MOTHER EARTH NEWS readers share their farming advice, fun tips and country folklore, including freezing beets and keeping messy beet juice off your hands using a french-fry cutter, organic methods of pest repellent and coating the underside of your lawn mower with non-stick spray for ease in cutting.
I cut down on weeding chores by buying sunflower seeds and sprinkling them in the weedy, grassy areas of my perennial flower beds. Squirrels and birds love this treat, and all those paws and claws scratching through the soil discourage weeds and grass from sprouting. The hulls left behind act as an enriching mulch, too. This works on perennial vegetable beds as well.
—Mrs. H. Henselin
Most prescription drugs and some vitamins are packaged in bottles that each contain a crystal-filled capsule that absorbs moisture and keeps the pills fresh. Once a bottle's contents are used up, the capsule can be placed in a salt or pepper shaker to keep the seasonings dry in damp weather.
Jackson, South Carolina
How I used to hate preparing beets for freezer storage! Before the job was over I'd be covered with beet juice and so would my cutting board and countertops. Last year, though, I tried two utensils meant for other uses and they worked perfectly. Once the beets were cooked and tender, I cut the larger ones into strips with my wire French-fry cutter and made nice even slices of the smaller ones with my metal egg slicer. It's an easy way to make short work of a messy job.
Grand Rapids, Minnesota
An old country formula to ward off gnats and mosquitoes is to mix a tablespoon of vanilla extract into a cup of water. I rubbed this on my children's faces, even as babies, and it worked so well I tried the solution on my horse. Applied around her ears and eyes, it kept flies away.
Pin a fabric softener sheet to the back of your collar or on your hat. It looks funny, but it sure keeps mosquitoes away.
For bug bites or for ticks, reach for a deodorant spray containing aluminum chloro-hydrate. Sprayed on a bite, it will take away the pain and swelling (not the itch, however, but you can't have everything!). If a tick has taken up residence in your skin, give the insect a squirt and in a moment or two it will crawl out where you can pick it off.
When I lived in the Ozark Mountains I was plagued by ticks. I could hardly leave the house without two or three of them attaching themselves to me. A local old-timer suggested I drink a quart of buttermilk every day. He claimed it would change the chemical composition of my perspiration so as to repel ticks. I'm not sure if this is true, but after trying his remedy, I never had another tick bite.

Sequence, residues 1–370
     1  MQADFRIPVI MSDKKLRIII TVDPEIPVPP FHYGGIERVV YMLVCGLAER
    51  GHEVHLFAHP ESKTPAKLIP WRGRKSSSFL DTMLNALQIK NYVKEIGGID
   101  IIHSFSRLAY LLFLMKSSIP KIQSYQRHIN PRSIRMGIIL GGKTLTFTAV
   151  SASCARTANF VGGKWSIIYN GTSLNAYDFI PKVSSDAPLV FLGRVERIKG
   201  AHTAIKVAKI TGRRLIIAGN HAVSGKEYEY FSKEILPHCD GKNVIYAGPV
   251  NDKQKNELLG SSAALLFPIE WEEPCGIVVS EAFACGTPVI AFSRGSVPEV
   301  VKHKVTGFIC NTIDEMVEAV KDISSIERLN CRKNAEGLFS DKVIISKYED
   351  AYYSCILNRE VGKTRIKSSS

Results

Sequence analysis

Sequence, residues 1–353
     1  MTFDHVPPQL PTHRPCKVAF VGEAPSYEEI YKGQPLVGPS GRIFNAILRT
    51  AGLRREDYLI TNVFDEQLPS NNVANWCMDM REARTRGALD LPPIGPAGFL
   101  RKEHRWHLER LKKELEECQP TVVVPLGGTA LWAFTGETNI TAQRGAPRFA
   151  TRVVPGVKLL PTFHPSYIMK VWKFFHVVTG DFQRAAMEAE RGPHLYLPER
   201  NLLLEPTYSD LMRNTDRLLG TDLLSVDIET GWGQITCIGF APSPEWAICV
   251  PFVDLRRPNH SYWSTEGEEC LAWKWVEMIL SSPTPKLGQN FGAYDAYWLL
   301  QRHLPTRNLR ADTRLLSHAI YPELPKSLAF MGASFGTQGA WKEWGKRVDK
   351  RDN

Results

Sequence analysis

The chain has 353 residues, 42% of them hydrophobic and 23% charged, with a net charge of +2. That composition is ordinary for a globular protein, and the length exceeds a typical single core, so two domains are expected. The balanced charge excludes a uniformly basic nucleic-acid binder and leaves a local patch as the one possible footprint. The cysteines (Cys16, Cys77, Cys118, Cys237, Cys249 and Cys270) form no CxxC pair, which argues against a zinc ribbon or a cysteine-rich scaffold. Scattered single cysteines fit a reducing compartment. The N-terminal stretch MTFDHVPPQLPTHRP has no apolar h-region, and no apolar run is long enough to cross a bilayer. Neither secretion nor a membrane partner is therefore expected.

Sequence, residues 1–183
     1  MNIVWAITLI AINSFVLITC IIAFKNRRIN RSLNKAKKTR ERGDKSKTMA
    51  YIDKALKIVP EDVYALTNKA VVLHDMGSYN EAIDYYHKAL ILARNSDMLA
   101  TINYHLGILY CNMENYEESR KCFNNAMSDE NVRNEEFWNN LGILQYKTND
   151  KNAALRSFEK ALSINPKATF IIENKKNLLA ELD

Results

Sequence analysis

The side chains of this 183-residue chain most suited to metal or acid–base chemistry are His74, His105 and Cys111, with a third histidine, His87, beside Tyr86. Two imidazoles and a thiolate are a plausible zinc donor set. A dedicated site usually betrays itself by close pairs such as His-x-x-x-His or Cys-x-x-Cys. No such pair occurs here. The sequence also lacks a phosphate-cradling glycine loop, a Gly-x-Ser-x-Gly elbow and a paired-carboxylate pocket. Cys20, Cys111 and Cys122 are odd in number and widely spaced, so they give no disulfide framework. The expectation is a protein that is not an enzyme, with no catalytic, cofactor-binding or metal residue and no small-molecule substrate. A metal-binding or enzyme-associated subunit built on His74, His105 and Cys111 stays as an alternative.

Like most gardeners, I always end up with too many zucchini. So I substitute the squash for cucumbers in my favorite recipes for relish and bread-and-butter pickles. No one ever can tell the difference.
—Donna N. Swanson
I guess the threat of stinging hornets is the price we pay for all the pleasures of summer. But I've learned a way to cope—with the sting, at least. If I get stung, I immediately wring out a towel in hot water and sprinkle a generous portion of meat tenderizer on the towel. This I apply directly to the sting, retreating the towel every five minutes for about half an hour. The hot towel causes the pores of my skin to open, and the tenderizer neutralizes the venom. If I do this quickly enough after the hornet's attack, there is no pain and no swelling.
Fort Collins, Colorado
Our farm was invaded by rats and mice, and we were at our wits' end after trying to eradicate them with no success. An elderly neighbor suggested setting out shallow pans of nondiet cola. Sure enough, the rodents loved the sugary liquid, drank it greedily and within a few days were dead. They evidently can't burp, so the carbonation bloats their bodies and kills them. It's an inexpensive solution, and safe to use around pets and farm animals.
Lightly coat the underside of your power lawn mower with a no-stick cooking spray. Less grass adhering to the mower will make for an easier job.
Apple Creek, Ohio
Some summer nights are so sultry even the sheets stick to your body. Try sprinkling baby powder between your sheets; you'll find you rest more comfortably. To cut costs, use a generic brand of powder and mix it half-and-half with cornstarch.
My French-Canadian grandmother-in-law had a trick for removing the bitter taste from cucumbers. She'd cut off a one-and-a-half-inch section from one end and rub it rapidly and firmly back and forth over the cut end of the longer portion. The suction draws out a white substance, which you then wash off the main piece, discarding the cut tip.
Through the years we've all probably discovered a few practical, down-home, time-tested solutions to the frustrating little problems of everyday life. Why not share your best "horse sense" with the rest of MOTHER's readers? Send your suggestions to Country Lore, THE MOTHER EARTH NEWS, Hendersonville, NC. A one year subscription — or a one year extension of an existing subscription — will be sent to each contributor whose tip is printed in this column. — MOTHER.
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